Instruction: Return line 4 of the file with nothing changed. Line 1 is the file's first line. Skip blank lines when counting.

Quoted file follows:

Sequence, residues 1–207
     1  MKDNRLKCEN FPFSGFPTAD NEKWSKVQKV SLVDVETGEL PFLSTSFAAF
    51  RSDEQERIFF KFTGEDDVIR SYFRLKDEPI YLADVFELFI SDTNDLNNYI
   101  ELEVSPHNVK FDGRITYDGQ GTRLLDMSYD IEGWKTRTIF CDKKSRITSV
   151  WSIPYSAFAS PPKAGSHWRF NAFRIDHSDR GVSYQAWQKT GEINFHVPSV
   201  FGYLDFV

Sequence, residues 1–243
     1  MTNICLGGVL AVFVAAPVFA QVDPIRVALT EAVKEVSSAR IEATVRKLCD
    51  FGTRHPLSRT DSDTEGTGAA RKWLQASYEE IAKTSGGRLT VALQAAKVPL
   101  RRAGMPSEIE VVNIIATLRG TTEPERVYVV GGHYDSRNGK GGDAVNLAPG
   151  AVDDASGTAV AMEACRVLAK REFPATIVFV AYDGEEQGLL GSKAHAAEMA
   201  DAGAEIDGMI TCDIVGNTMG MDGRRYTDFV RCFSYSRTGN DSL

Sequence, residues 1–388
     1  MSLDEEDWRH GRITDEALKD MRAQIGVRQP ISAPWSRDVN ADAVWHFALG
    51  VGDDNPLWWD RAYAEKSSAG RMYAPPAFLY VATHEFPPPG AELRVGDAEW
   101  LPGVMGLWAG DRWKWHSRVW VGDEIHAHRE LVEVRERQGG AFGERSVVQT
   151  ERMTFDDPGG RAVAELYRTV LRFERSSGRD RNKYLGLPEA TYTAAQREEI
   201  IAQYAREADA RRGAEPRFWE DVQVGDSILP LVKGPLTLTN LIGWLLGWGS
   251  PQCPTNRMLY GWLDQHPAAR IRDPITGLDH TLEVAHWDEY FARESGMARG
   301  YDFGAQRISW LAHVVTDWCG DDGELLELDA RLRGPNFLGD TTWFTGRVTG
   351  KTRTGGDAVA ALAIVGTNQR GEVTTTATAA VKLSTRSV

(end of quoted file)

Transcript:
   101  ELEVSPHNVK FDGRITYDGQ GTRLLDMSYD IEGWKTRTIF CDKKSRITSV